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Comprehensive Chapter Two Test Guide

by: Kazendi Simon

Comprehensive Chapter Two Test Guide CHEM 1211K

Marketplace > Georgia State University > CHEM 1211K > Comprehensive Chapter Two Test Guide
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Redox Equations Oxidation Net Ionic Equations Mass % % Yield In depth rules for the periodic table Solubility rules
Principles of Chemistry I
Dr. Kerr
Study Guide
Math, General Chemistry
50 ?




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This 10 page Study Guide was uploaded by Kazendi Simon on Sunday October 2, 2016. The Study Guide belongs to CHEM 1211K at Georgia State University taught by Dr. Kerr in Fall 2016. Since its upload, it has received 101 views.


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Date Created: 10/02/16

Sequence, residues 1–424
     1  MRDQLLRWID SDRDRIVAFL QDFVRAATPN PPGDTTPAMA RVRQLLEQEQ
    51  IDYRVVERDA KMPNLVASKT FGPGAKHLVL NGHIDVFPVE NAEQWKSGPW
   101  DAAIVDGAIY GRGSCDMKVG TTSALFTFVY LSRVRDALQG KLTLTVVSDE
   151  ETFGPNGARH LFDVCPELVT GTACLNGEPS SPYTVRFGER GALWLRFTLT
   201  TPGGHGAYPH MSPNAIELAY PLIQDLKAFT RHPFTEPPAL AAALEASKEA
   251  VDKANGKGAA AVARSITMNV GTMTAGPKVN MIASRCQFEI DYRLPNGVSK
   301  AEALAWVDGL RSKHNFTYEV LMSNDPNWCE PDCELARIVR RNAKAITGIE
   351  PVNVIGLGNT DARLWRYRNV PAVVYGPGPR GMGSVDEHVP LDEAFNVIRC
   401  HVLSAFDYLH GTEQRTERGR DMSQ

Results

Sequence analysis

Chemistry Test Two Comprehensive Guide  Chapter 4: Chemical Quantities and Aqueous Reactions Key Vocabulary Terms:  Law of Conservation of Mass: states that matter can be changed from one form into  another, mixtures can be separated or made, and pure substances can be decomposed, but  the total amount of mass remains constant.  o Balancing equations by balancing atoms  The study of the numerical relationship between chemical quantities in a chemical  reaction is called stoichiometry.  The reactant that limits the amount of product is called the limiting reactant.  Reactants not completely consumed are called excess reactants.  The theoretical yield is the amount of product that can be made in a chemical reaction  based on the amount of limiting reactant.   The actual yield is the amount of product actually produced by a chemical reaction.   The percent yield is calculated as follows:  actual yield o theoreticalyield x100 Reaction Stoichiometry:  The coefficients in a chemical reaction specify the relative amounts in moles of each of  the substances involved in the reaction.  2 molecules of C H8 r18ct with 25 molecules of O  to 2orm 16 molecules of CO  and 18 2 molecules of H O2 o 2C H 8l)18 25O (g) 2 16CO (g) + 28H O(g) 2  The ratio of the coefficients acts as a conversion factor between the amount in of the  reactants and products.  Example: Suppose That We Burn 22.0 Moles of C H ; how8Ma18 Moles of CO  Form? 2 o 2C H 8l)18 25O (g) 2 16CO (g) + 28H O(g) 2 22.0molC H 16molCO 2 =176molCO o 8 182molC H 2 8 18 o The combustion of 22 moles of C H  ad8s 186 moles of CO  to the at2osphere. Solutions:  When table salt is mixed with water, it seems to disappear or become a liquid, the  mixture is homogeneous. o Homogeneous mixtures are called solutions.  The component of the solution that changes state is called the solute.  The component that keeps its state is called the solvent.  If both components start in the same state, the major component is the  solvent. Solution Concentration:  Solutions are often described quantitatively, as dilute or concentrated. o Dilute solutions have a small amount of solute compared to solvent. o Concentrated solutions have a large amount of solute compared to solvent. Solution Concentration: Molarity: A common way to express solution concentration is molarity (M). o Molarity is the amount of solute (in moles) divided by the volume of solution (in  liters). amountof solute(¿mol) o Molarity (M = volumeof solution(¿L) Remembershe prefers¿usemLsobeready¿convert o Solution Dilution:   Often, solutions are stored as concentrated stock solutions.  To make solutions of lower concentrations from these stock solutions, more solvent is  added. o The amount of solute doesn’t change, just the volume of solution:  The concentrations and volumes of the stock and new solutions are inversely  proportional: o Moles solute in solution I = moles solute in solution II o M x1V =1 xV 2 2 Electrolyte and Nonelectrolyte Solutions:  Materials that dissolve in water to form a solution that will conduct electricity are called  electrolytes.  Materials that dissolve in water to form a solution that will not conduct electricity are  called nonelectrolytes.  Ionic substances such as sodium chloride that completely dissociate into ions when they  dissolve in water are strong electrolytes. o In contrast to sodium chloride, sugar is a molecular compound. o Most molecular compounds (except for acids), dissolve in water as intact  molecules.  Binary Acids: Acids are molecular compounds that ionize when they dissolve in water. o The molecules are pulled apart by their attraction for the water. o When acids ionize, they form H+ cations and also anions. o The percentage of molecules that ionize varies from one acid to another. Acids that ionize virtually 100% are called strong acids. + −  HCl (aq)  H  (aq) + Cl  (aq)  Acids that only ionize a small percentage are called weak acids.  HF (aq)  ↔  H (aq) + F  (aq) Strong and Weak Electrolytes:  Strong electrolytes are materials that dissolve completely as ions. o Ionic compounds and strong acids o Solutions conduct electricity well  Weak electrolytes are materials that dissolve mostly as molecules, but partially as ions. o Weak acids o Solutions conduct electricity, but not well o When compounds containing a polyatomic ion dissolve, the polyatomic ion stays  together. + −  HC H2O 3(a2)  H  (aq) + C H O 2(a3)2 Dissociation and Ionization  When ionic compounds dissolve in water, the anions and cations are separated from each  other this is called dissociation. o Na S(2q)  2Na  (aq) + S   (aq)2–  When compounds containing polyatomic ions dissociate, the polyatomic group stays  together as one ion. + 2−  o Na SO2 (aq4  2Na  (aq) + SO 4 (aq)  When strong acids dissolve in water, the molecule ionizes into H+ and anions. + 2−   H 2O  4aq)  Na  (aq) + SO 4 (aq) The Solubility of Ionic Compounds: When an ionic compound dissolves in water, the resulting solution contains: o Not the intact ionic compound itself, but its component ions dissolved in water. However, not all ionic compounds dissolve in water. o If we add AgCl to water, for example, it remains solid and appears as a white  powder at the bottom of the water. In general, a compound is termed soluble if it dissolves in water and insoluble if it does  not. Precipitation Reactions:  Precipitation reactions are reactions in which a solid forms when we mix two solutions. o Reactions between aqueous solutions of ionic compounds produce an ionic  compound that is insoluble in water.  The insoluble product is called a precipitate.  No Precipitation Means No Reaction: Precipitation reactions when two aqueous solutions are mixed. Predicting Precipitation Reactions 1. Determine what ions each aqueous reactant has. 2. Determine formulas of possible products. o Exchange ions. o (+) ion from one reactant with (–) ion from other.  o Balance charges of combined ions to get the formula of each product. 3. Determine solubility of each product in water. Use the solubility rules. If product is  insoluble or slightly soluble, it will precipitate. 4. If neither product will precipitate, write no reaction after the arrow. 5. If any of the possible products are insoluble, write their formulas as the products of the  reaction using (s) after the formula to indicate solid. Write any soluble products with (aq)  after the formula to indicate aqueous. 6. Balance the equation. 7. Remember to only change coefficients, not subscripts. Representing Aqueous Reactions:  An equation showing the complete neutral formulas for each compound in the aqueous  reaction as if they existed as molecules is called a molecular equation. o 2KOH(aq) + Mg(NO )  (aq)3 2  2KNO  (3q) + Mg(OH)  (s)2  In actual solutions of soluble ionic compounds, dissolved substances are present as ions.  Equations that describe the material’s structure when dissolved are called complete ionic  equations. Ionic Equation:  Rules of writing the complete ionic equation: o Aqueous strong electrolytes are written as ions.  Soluble salts, strong acids, strong bases o Insoluble substances, weak electrolytes, and nonelectrolytes are written in  molecule form.  Solids, liquids, and gases are not dissolved, hence molecule form Ionic Equation:  Notice that in the complete ionic equation, some of the ions in solution appear unchanged on both sides of the equation. These ions are called spectator ions because they do not  participate in the reaction.  Basically spectator ions are the ions seen on both the reactant and yield side that is  crossed out when finding the Net Ionic Equation. Acid–Base and Gas­Evolution Reactions  Two other important classes of reactions that occur in aqueous solution are 1. Acid–base reactions 2. Gas­evolution reactions.  Acid–base Reaction: An acid reacts with a base and the two neutralize each other,  producing water (or in some cases a weak electrolyte). o An acid–base reaction is also called a neutralization reaction.  Acid–Base and Gas­Evolution Reactions: In a gas­evolution reaction, a gas forms  resulting in bubbling.  In both acid–base and gas­evolution reactions, as in precipitation reactions, the reactions  occur when the anion from one reactant combines with the cation of the other. o  Many gas­evolution reactions are also acid–base reactions. Acids and Bases in Solution +  Acids ionize in water to form H  ions. o More precisely, the H from the acid molecule is donated to a water molecule to  + form hydronium ion, H O 3  Bases dissociate in water to form OH ions.  o Bases, such as NH that do not contain OH ions, produce OH by pulling H off  3  water molecules.  In the reaction of an acid with a base, the H  from the acid combines with the OH from  ­  the base to make water.  The cation from the base combines with the anion from the acid to make the salt. Gas­Evolving Reactions Some reactions form a gas directly from the ion exchange. Other reactions form a gas by the decomposition of one of the ion exchange products into a gas and water. Oxidation–Reduction Reactions: The reactions in which electrons are transferred from one reactant to the other are called  oxidation­reduction reactions. o These are also called redox reactions. o Many redox reactions involve the reaction of a substance with oxygen.  4Fe(s) + 3O  (2)  2Fe O  2s)3(rusting)  2C H (l) + 25 O2 (g)  16CO  (g) + 18H O (g) (combustion) 8 18 2 2  2H  2g) + O  2g)  2H O(g2  Combustion as Redox Redox without Combustion: Reactions of Metals with Nonmetals: Consider the following reactions: o 4Na(s) + O  (g2 → 2Na O(s) 2 o 2Na(s) + Cl  (g2 → 2NaCl(s) The reactions involve a metal reacting with a nonmetal. In addition, both reactions  involve the conversion of free elements into ions. Redox Reaction:  The transfer of electrons does not need to be a complete transfer (as occurs in the  formation of an ionic compound) for the reaction to qualify as oxidation–reduction. o For example, consider the reaction between hydrogen gas and chlorine gas:  H 2(g) + Cl 2 (g) 2HCl (g)  When hydrogen bonds to chlorine, the electrons are unevenly shared, resulting in  an  increase of electron density (reduction) for chlorine and a decrease in electron density  (oxidation) for hydrogen. Oxidation and Reduction:  To convert a free element into an ion, the atoms must gain or lose electrons. o Of course, if one atom loses electrons, another must accept them.  Reactions where electrons are transferred from one atom to another are redox reactions.  Atoms that lose electrons are being oxidized, while atoms that gain electrons are being  reduced. o 2Na(s) + Cl  (2) →  2Na Cl (s) –  + –  Na → Na –+ 1e    – oxidation)  Cl2 + 2e  → 2 Cl  (reduction) Oxidation States:  For reactions that are not metal + nonmetal, or do not involve O , w2 need a method for  determining how the electrons are transferred (oxidation state the electron flow in the  reaction). o Even though they look like them, oxidation states are not ion charges! Identifying Redox Reactions  Oxidation: An increase in oxidation state  Reduction: A decrease in oxidation state  Carbon changes from an oxidation state of 0 to an oxidation state of +4. o Carbon loses electrons and is oxidized.  Sulfur changes from an oxidation state of 0 to an oxidation state of –2. o Sulfur gains electrons and is reduced. Redox Reactions:  Oxidation and reduction must occur simultaneously. o If an atom loses electrons another atom must take them.  The reactant that reduces an element in another reactant is called the reducing agent. o The reducing agent contains the element that is oxidized.  The reactant that oxidizes an element in another reactant is called the oxidizing agent. o The oxidizing agent contains the element that is reduced. o 2Na(s) + Cl  (2) → 2 Na Cl  (s)–  Na is oxidized, while Cl is reduced.  Na is the reducing agent, and Cl 2  the oxidizing agent. Combustion Reactions:  Combustion reactions are characterized by the reaction of a substance with to form one or more oxygen­containing compounds, often including water. o Combustion reactions also emit heat.  For example, natural gas (CH )4reacts with oxygen to form carbon dioxide and water: Combustion: Ethanol, the alcohol in alcoholic beverages, also reacts with oxygen in a combustion  reaction to form carbon dioxide and water.